Israeli-Jewish cultural aspects of an event of violence: Between biblical codes and Zionist ideology – Israeli perspective

Research output: Chapter in Book/Report/Conference proceedingChapterpeer-review


On 8 June 2003 a suicide bomber blew himself up in a bus which
was near a stop in front of a large office building not far from the
Mahane Yehuda outdoor market in Jerusalem. This incident, one
among many other violent events, is the focus of the following
analysis which examines Israeli culture and its relation to restorative
processes. In this attack 17 people were killed and over 100 were
wounded. The event was part of a chain of violent acts, responses
and counter-responses which were escalating during the second
intifada period (2000-4) both in Israel and in Palestinian territories.
The direct victims were the bus passengers and the driver, the
surrounding bystanders who got injured and their family members.
The more indirect victims were the Jerusalem citizens, the Israeli-
Jewish community and to some extent the broader worldwide Jewish
community which shares collective memories and imagined destiny
with Israel as a Jewish state. The victims came from diverse ethnic
and cultural backgrounds, including Israeli-Arabs, ultra-orthodox
Jews and an immigrant worker. The direct perpetrator was the person
who committed suicide by detonating the bomb, turning himself into
another victim of the event. Behind him, as an indirect perpetrator,
sending him for his mission stood the Hamas military wing. The
Palestinian people overall supported this act as a revenge for the
strikes in Gaza against the Hamas leader (Moghadam 2003). Behind
them - to a certain level - stood the global Arab community striving
to protect its oppressed people - the Palestinians. The violation which
occurred here was the shattering of life and well-being of innocent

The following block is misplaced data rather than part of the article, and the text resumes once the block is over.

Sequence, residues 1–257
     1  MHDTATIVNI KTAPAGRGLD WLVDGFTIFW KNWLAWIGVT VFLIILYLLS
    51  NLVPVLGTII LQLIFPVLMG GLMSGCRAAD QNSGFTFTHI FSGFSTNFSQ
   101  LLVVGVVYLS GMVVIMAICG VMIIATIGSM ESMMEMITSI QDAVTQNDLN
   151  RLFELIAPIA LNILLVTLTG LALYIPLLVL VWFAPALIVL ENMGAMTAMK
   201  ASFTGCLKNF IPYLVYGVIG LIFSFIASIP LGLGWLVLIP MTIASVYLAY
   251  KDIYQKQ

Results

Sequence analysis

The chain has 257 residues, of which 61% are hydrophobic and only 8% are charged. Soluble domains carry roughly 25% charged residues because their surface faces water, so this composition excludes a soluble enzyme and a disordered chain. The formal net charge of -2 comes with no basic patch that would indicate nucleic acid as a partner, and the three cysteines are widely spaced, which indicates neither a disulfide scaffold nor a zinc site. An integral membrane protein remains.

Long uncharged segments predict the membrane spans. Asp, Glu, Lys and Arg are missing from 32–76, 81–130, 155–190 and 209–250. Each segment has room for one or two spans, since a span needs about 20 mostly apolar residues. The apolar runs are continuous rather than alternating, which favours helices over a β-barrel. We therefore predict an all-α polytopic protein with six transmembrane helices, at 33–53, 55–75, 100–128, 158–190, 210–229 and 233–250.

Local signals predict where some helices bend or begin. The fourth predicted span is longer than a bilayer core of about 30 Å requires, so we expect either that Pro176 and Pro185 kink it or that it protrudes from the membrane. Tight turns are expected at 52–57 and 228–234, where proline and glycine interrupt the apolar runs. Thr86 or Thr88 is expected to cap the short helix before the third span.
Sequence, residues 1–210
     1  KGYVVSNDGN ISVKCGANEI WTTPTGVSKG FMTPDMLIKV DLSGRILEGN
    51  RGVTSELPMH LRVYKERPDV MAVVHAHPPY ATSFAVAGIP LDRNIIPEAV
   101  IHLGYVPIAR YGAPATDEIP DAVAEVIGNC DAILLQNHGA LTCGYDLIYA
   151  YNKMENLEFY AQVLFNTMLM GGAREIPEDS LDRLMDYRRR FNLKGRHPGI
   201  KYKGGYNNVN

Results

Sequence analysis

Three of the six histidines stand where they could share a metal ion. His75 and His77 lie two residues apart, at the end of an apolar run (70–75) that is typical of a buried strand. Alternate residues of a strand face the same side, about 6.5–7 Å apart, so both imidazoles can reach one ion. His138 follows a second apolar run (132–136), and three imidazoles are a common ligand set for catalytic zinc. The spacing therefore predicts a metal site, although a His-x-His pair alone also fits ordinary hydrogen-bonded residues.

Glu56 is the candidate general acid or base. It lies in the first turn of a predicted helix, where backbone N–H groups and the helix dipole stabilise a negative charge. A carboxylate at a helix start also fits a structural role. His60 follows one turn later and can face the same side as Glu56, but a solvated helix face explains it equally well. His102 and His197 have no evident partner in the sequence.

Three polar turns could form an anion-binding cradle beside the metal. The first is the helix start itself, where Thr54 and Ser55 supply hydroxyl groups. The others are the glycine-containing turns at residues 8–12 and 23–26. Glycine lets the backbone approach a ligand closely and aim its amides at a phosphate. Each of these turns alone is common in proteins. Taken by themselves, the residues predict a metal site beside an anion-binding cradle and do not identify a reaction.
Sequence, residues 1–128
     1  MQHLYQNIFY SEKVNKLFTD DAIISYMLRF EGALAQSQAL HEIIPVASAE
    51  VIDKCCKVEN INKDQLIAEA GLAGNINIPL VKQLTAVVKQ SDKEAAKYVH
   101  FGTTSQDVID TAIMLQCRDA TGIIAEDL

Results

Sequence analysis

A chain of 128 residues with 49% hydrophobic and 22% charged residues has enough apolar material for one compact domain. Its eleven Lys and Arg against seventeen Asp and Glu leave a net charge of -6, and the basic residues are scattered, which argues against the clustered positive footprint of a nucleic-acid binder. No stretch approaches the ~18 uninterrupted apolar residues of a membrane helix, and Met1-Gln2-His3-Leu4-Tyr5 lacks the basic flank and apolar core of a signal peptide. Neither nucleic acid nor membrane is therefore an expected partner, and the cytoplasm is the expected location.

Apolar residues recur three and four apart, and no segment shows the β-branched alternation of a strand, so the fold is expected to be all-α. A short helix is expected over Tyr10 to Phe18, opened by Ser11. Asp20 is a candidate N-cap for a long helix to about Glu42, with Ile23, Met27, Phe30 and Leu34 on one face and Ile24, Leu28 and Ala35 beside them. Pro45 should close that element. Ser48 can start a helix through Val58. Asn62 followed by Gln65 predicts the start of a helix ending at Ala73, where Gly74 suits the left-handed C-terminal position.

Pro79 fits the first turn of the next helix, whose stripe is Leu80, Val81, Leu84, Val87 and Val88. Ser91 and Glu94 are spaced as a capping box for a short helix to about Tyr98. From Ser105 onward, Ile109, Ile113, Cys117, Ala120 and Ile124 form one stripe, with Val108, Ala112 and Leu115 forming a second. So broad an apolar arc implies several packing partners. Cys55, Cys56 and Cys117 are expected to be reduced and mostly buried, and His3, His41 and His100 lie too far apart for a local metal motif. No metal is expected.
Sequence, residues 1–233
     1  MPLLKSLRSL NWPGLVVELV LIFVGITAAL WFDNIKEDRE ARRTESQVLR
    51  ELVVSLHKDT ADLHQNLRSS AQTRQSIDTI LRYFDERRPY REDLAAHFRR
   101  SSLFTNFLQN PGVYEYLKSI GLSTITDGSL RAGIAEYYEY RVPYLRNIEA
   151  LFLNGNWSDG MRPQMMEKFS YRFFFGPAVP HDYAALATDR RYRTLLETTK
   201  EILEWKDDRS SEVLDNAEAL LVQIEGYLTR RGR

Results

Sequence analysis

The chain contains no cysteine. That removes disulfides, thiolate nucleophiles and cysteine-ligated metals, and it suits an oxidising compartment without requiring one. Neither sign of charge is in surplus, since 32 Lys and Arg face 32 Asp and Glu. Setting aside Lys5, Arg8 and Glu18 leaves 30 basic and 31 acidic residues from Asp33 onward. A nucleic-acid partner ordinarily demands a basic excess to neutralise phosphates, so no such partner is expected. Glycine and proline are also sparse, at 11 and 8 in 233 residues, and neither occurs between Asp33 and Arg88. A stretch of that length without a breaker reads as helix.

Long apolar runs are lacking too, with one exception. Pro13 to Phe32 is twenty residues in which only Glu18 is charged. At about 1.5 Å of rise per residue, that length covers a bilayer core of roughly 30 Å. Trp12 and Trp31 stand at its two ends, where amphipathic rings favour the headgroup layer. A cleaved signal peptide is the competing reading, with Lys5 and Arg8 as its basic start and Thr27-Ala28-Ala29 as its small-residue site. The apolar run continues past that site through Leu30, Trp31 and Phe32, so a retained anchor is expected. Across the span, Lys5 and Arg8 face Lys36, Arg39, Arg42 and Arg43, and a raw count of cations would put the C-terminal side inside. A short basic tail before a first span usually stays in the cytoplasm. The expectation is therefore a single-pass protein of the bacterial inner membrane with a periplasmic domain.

citizens by using a disguised person who chose martyrdom and self-destruction as a method of attack. The latter produces horror for
itself. The responsibility for the event in the narrow sense is on the
direct and indirect perpetrators as described above. However, it is
clear that it is only part of a chain of violence in which targeting and
bombing become routine resulting in an endless bloody circle which
entices the most extreme responses. This case will be used here as
a micro-cosmos for understanding Jewish and Israeli approaches to
violence and reconciliation. It can be used as foundations for weaving
a restorative process which takes into account the cultural sensitivities
and inspirations of both parties.
The response to the event requires understanding of the cultural
perception of justice in the Israeli and Jewish society, as well as
some overview of existing restorative justice mechanisms which
currently operate in Israeli society. This paper aims to explore the
ways in which the truth about such violent events could be revealed,
in order to attain justice and to begin constructing mechanisms for
Original languageEnglish
Title of host publicationRestoring Justice after Large-Scale Violent Conflicts
Subtitle of host publicationKosovo, DR Congo and the Israeli-Palestinian Case
PublisherTaylor and Francis
Number of pages16
ISBN (Print)9781843925590
StatePublished - 1 Jan 2013


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